With the safe landing of space shuttle Discovery landing today, NASA has a 3-2-1 countdown of remaining shuttle missions. By Autumn of this year, the shuttle fleet will be retired. NASA will "be on to the next" and part of me will be heart broken. As a child, my suburbia upbringing seemed so far way from the adventure and intrigue of space travel. I was in awe every time NASA crossed my radar in anyway: the flight paths, the food, the zero gravity, Sally Ride, and of course the tragedies.
The moment my elementary school announced the loss of the Challenger, is a memory forever etched in my mind. That fateful mission, full of promise and inspiration, turned into a tragic destruction of hope, faith, and families. I had spent months following Christa McAuliffe's story. Her selection, her training, and what she represented grounded me. For a 9 year old girl with dreams of being a teacher and an astronaut, it was all too amazing. The loss of that crew matured me looking back on it. The Columbia disaster happened on the day of my best friend's Wedding. We stood around all morning drinking champagne in bridesmaid dresses and a wedding gown, with jaws dropped. Finally she requested we turn off the news and focus.Of course, she was right. But that is the magic of the shuttle program. It can rip you away from your life instantaneously. Automatically, the gravity of risk is clear. We feel their families loss, even for those us who never knew their names before they died.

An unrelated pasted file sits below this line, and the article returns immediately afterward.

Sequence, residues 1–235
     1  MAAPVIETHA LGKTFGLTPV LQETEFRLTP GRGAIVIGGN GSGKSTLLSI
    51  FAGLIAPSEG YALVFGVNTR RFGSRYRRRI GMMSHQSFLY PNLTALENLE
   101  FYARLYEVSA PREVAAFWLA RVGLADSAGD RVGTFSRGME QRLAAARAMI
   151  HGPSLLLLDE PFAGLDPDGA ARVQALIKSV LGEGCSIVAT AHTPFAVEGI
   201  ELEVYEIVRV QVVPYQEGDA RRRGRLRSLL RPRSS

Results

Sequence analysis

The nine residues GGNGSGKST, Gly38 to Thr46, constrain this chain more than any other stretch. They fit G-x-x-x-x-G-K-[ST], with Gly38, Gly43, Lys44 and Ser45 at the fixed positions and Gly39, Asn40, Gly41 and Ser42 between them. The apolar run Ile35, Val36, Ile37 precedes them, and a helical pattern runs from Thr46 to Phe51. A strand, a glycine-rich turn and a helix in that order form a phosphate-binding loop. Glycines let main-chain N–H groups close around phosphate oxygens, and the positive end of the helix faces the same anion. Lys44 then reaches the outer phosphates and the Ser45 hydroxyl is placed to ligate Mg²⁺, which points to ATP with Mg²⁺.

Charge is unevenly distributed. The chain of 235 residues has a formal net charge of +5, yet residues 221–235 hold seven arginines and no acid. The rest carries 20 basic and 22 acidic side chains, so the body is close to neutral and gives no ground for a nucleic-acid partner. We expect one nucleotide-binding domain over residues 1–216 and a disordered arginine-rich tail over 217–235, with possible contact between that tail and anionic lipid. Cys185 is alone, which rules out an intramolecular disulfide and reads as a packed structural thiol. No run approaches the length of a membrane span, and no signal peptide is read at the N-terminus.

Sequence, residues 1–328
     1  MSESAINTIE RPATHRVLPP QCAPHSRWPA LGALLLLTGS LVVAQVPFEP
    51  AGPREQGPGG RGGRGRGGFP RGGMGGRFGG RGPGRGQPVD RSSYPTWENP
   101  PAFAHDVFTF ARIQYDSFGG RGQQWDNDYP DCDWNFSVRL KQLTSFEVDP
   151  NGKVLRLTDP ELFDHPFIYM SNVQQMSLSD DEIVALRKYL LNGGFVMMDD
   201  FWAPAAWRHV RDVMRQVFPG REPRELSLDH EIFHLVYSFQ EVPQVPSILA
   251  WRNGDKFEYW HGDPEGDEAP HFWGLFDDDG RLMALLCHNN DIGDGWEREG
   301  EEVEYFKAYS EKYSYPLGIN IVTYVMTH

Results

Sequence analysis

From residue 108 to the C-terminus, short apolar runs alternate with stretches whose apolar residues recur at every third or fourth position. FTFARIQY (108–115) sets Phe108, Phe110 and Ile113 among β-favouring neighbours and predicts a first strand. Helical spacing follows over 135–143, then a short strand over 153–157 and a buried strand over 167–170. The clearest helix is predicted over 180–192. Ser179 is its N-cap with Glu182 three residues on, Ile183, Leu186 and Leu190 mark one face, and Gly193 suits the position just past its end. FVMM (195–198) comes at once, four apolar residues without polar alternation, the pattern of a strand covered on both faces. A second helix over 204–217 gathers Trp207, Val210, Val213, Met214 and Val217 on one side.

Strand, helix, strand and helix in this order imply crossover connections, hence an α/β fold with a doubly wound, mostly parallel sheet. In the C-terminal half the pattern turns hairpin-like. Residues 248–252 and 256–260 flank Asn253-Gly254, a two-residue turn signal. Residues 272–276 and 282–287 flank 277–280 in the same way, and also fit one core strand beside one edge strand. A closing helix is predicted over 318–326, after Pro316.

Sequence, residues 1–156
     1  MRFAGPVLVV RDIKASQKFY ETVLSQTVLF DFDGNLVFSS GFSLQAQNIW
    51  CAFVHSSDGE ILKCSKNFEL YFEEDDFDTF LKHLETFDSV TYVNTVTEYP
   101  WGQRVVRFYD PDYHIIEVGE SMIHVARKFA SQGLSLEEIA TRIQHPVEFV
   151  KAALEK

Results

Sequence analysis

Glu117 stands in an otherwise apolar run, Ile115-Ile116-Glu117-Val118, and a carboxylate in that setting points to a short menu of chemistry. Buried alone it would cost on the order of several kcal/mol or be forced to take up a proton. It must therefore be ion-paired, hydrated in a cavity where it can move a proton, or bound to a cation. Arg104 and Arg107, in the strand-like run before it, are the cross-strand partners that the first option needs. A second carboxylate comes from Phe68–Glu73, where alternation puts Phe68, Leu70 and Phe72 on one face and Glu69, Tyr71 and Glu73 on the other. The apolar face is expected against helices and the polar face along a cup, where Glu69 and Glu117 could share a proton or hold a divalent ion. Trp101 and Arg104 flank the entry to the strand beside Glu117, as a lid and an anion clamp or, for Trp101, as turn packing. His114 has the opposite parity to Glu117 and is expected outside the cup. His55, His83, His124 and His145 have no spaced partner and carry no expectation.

Our four year old son, has found his own astronaut fascination. He is generally found in his head to toe commander space suit. He flips through children's books about space and travel to the moon, watches mission video with his father, and falls asleep every night counting the stars on his ceiling, shot up by a machine shaped by a ladybug. His fascination with space may or may not be fleeting, but I love to observe it.
I am sure the loss of the shuttle program, will not cloud his dreams. I am sure future NASA accomplishments and discoveries will be stunning. We may even make it to Mars. But, somehow it won't be the same. Our expectation of results, and the exposure of cost, issues and technology render the effects less special. However, I will stay true to NASA and the brave souls who have the right stuff. Will you?